I have some MP4 videos that don't have Media Created date and time because they were recorded with Instagram camera. I want to set the date and time and I found out that I can do that with Exiftool software. I know that the software works by typing command lines, but I don't know where I should type what. I searched on Google and didn't find any helpful results.

I downloaded the software and got "exiftool(-k).exe" file. What should I do now? I have no idea how it works. I hope somebody can write simple steps just to set that Media Created date.

MP4 file with Media Created property

MP4 file without Media Created property


While the question probably belongs on Superuser.com, here's the answer.

First you will probably want to rename the exiftool(-k).exe to just exiftool.exe and place it someplace in your PATH (see install exiftool-Windows).

Then you will want to use one of these commands. In the case of your example filename, the filename appears to have been named for the time it was taken i.e YearMonthDay_HourMinutesSeconds. In that case you can simply use
exiftool "-CreateDate<${Filename}" 20181223_000542.mp4

This will work correctly as long as the image was taken in the same time zone as the computer your currently working on. If not, you will have to add the time zone like this: ${Filename}-04:00. This is because the CreateDate tag for MP4 files is supposed to be UTC and Windows properties will read it as such. Exiftool will automatically write the correct time based upon the local computer time.

If you need to set the time to something different than what the filename is, then you would use (adding the time zone if needed):
exiftool "-CreateDate=2018:12:23 00:05:42" 20181223_000542.mp4

These commands creates backup files. Add -overwrite_original to suppress the creation of backup files. Add -r to recurse into subdirectories. If this command is run under Unix/Mac, reverse any double/single quotes to avoid bash interpretation. You can process as many files and/or directories as you can put on the command line, so if you wanted to process all the files in c:\Dir1 and C:\Dir2, you would just list both of them at the end of the command c:\Dir1 C:\Dir2

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    Thanks for your answer. I did what you said, placed exiftool.exe in my C:\WINDOWS directory. Then, I ran Command Prompt (as administrator) and typed the following: exiftool "-CreateDate=2018:12:23 00:05:42" C:\Users\Katarina\Desktop\20181223_000542.mp4 However, I got the time of 01:05:42 instead of 00:05:42, so I realized I have to add the time zone: exiftool "-CreateDate=2018:12:23 00:05:42-04:00" C:\Users\Katarina\Desktop\20181223_000542.mp4 But I still get the same result! I also tried +/-01:00 etc., and it doesn't work. The time zone for my country is +1 from UTC. – Katarina Perović Dec 27 '18 at 0:20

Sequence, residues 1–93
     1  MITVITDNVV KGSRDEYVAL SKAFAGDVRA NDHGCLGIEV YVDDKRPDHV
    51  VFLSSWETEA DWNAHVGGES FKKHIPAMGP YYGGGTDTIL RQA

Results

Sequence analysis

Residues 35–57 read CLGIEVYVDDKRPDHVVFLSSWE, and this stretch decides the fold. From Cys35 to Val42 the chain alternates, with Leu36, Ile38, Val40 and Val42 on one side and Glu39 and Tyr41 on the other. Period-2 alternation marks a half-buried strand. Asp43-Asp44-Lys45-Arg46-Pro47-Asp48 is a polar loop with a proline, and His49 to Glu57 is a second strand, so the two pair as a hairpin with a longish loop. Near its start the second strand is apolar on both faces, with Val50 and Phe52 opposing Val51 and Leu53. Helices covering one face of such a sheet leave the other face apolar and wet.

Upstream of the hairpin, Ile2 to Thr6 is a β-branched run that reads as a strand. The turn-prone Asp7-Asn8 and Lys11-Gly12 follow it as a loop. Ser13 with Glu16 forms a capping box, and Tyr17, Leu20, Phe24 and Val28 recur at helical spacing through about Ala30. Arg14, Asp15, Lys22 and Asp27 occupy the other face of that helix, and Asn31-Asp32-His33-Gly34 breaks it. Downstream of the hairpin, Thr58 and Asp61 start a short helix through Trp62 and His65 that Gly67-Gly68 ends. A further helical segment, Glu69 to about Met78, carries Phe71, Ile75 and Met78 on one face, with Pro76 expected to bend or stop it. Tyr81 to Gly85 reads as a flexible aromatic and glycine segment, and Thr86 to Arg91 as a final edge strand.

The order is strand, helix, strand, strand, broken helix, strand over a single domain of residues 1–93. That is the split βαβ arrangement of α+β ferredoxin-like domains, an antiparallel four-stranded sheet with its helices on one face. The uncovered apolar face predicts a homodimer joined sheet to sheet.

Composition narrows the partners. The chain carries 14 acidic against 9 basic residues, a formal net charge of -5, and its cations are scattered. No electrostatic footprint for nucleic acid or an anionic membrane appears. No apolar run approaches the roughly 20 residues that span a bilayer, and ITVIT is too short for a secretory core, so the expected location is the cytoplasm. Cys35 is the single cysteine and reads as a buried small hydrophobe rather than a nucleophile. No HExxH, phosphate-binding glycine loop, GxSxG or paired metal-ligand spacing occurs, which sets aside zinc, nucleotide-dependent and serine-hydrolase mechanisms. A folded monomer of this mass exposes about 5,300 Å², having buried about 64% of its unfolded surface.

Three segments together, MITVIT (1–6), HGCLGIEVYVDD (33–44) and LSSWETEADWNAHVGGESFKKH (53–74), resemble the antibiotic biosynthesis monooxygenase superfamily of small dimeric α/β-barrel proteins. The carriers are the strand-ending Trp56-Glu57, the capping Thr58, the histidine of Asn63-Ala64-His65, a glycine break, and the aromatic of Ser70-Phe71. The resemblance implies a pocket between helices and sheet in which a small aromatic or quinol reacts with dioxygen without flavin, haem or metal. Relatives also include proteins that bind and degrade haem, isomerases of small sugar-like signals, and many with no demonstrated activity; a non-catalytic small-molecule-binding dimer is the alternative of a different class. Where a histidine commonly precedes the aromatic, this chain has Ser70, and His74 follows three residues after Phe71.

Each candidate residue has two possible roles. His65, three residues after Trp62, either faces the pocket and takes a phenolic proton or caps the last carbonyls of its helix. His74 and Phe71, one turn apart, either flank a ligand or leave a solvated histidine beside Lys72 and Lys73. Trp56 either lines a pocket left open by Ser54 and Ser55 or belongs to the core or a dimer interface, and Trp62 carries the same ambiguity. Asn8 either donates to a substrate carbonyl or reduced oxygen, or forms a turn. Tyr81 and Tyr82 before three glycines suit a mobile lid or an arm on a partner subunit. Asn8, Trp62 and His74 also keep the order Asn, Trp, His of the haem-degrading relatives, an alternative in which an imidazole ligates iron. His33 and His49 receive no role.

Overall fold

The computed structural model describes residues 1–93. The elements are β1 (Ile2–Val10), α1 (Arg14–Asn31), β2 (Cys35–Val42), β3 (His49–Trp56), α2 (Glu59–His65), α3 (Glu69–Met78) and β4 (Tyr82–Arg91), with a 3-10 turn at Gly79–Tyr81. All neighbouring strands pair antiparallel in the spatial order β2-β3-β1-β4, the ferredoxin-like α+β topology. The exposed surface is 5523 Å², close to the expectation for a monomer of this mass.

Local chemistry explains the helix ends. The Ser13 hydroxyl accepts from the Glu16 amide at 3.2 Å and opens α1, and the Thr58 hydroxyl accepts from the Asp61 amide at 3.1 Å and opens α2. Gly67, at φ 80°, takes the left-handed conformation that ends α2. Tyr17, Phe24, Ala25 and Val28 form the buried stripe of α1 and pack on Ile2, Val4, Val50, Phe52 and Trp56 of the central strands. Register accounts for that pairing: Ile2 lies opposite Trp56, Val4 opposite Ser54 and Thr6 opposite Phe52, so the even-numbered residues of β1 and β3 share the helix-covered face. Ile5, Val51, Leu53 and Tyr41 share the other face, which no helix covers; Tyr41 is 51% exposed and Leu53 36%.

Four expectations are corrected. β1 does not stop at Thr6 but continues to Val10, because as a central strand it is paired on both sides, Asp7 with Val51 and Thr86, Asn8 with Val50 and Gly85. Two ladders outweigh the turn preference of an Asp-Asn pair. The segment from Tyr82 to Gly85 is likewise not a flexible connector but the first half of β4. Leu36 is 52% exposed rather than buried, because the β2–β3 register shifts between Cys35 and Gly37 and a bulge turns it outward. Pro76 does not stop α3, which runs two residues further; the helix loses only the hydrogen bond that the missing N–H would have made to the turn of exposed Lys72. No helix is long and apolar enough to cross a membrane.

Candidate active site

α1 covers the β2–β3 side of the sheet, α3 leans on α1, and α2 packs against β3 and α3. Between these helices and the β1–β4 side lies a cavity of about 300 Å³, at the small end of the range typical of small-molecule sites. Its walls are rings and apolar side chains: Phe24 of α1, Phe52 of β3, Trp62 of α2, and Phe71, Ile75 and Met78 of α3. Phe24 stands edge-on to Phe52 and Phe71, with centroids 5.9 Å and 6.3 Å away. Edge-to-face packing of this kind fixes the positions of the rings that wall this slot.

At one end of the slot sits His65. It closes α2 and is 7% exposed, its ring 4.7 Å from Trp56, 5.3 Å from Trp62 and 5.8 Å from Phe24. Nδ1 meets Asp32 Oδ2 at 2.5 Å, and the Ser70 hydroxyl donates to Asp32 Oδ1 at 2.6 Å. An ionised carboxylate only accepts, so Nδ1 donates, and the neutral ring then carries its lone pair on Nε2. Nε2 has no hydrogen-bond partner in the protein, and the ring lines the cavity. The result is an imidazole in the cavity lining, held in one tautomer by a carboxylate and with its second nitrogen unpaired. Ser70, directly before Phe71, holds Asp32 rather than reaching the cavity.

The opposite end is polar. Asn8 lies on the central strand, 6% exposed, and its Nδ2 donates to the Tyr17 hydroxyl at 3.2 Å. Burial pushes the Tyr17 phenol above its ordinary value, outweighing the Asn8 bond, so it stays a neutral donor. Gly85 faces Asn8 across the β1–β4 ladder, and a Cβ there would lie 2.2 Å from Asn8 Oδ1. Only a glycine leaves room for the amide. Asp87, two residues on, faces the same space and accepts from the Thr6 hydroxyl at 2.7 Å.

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    Sorry, I messed up on the command. I'll rewrite the answer when I get a chance. Try writing exiftool "-CreateDate<${Filename}+01:00" -api "QuickTimeUTC" for files that are named after the datetime or exiftool "-CreateDate=2018:12:23 00:05:42+01:00" -api "QuickTimeUTC" to set a specific time. The time zone should be the correct one for where the video in question shot. Windows will adjust the the date it shows based upon the time zone of the computer reading it, so computers in different time zones will show different times. – StarGeek Dec 27 '18 at 1:17
  • Great! It works now! Thank you so much! I have one more question, just to understand the code for future purposes. What does api mean and what QuickTime has to do with all of this? Thank you! :D – Katarina Perović Dec 28 '18 at 0:20
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    The quicktime format is how metadata in Mov/MP4 video is stored. Quoting the exiftool docs "According to the QuickTime specification date/time values should be UTC, but many digital cameras store local time instead (presumably because they don't know the time zone), so the default is to not convert these times. Because of this, exiftool will normally treat video timestamps as local time." But the -api option allows for changes in the default behavior of exiftool. In this case, it tells exiftool "to assume that QuickTime date/time values are stored as UTC, causing conversion to local time" – StarGeek Dec 28 '18 at 6:07

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